Jack Silverman had been the founder and president of a company which has its principal place of business in NY. Silverman was Chairman of the Board, but he was not active in the day-to-day activities of the company. In 1978, the company's stock was acquired by another corporation and Silverman was retained as a consultant. He was provided with a small office to be used when he was in NY and worked mainly out of his apartment when in Florida. As a consultant, his compensation was substantially lower than when he was an officer of the company.
The Silvermans spent large sums of money to decorate their Florida apartment. In addition, the Silvermans moved their most valuable possessions to Florida. They did not move their furniture from NY since it was not needed. The Florida residence was also ready for use year- round.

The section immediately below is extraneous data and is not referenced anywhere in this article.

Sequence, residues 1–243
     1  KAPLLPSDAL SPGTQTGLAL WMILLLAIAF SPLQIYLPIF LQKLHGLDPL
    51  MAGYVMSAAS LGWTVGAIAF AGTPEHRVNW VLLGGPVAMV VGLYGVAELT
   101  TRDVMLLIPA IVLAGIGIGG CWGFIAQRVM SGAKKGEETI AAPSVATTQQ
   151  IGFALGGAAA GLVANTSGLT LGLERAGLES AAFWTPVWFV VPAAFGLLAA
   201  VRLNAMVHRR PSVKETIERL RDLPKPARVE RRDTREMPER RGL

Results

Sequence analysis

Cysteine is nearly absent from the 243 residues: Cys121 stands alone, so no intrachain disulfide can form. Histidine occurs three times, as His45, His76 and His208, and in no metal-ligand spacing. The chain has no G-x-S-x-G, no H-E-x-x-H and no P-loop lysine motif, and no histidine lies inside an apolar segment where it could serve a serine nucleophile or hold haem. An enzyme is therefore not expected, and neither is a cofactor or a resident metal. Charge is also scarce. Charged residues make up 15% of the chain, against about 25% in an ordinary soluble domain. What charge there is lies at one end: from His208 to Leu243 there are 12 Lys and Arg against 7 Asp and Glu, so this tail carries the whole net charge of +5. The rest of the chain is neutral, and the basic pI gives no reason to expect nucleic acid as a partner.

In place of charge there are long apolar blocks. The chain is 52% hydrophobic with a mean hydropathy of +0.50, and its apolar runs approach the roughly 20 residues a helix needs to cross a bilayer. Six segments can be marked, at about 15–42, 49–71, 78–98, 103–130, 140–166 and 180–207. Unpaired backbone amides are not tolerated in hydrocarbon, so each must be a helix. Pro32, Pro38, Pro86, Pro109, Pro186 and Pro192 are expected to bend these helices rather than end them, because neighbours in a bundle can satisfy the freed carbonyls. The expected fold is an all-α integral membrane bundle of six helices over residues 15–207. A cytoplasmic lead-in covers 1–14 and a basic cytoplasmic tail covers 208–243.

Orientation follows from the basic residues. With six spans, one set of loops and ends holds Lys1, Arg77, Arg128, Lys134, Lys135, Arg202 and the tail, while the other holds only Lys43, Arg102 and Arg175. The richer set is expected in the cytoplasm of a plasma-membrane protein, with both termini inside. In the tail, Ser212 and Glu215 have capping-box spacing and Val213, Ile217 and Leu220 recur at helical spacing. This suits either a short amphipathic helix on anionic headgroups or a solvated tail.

In 1975, three years prior to the taxpayers claimed change of residence, the taxpayers offered their Woodmere house for sale. The record was not clear with respect to the period of time the house was offered for sale or to the degree of effort made to sell the house. The house was finally sold in 1983.
The Silvermans belonged to social and religious organizations in Florida and NY. In addition, they owned automobiles and had safety deposit boxes in both jurisdictions. They also voted in Florida and were issued Florida driver's licenses.
In 1981, the taxpayers executed their wills. Their wills provided that although the taxpayers were Florida domiciliaries, the wills would be probated in the Surrogate's Court in NY and the laws of NY should govern.
In four of the five years under audit, the Silvermans were in NY for less than 183 days.
The administrative law judge in the case held that the Silvermans were residents for the years under audit. The judge stated that there must be an actual change of residence coupled with an intention to abandon the former domicile and to acquire another. Since the taxpayers maintained many ties to NY it was concluded that the Silvermans had no real intention to abandon NY as their domicile.
The other case, in the Matter of the Petition of Sol and Lillian Feldman, was also decided against the taxpayers. The facts in this case were quite similar to those of the Silverman's case.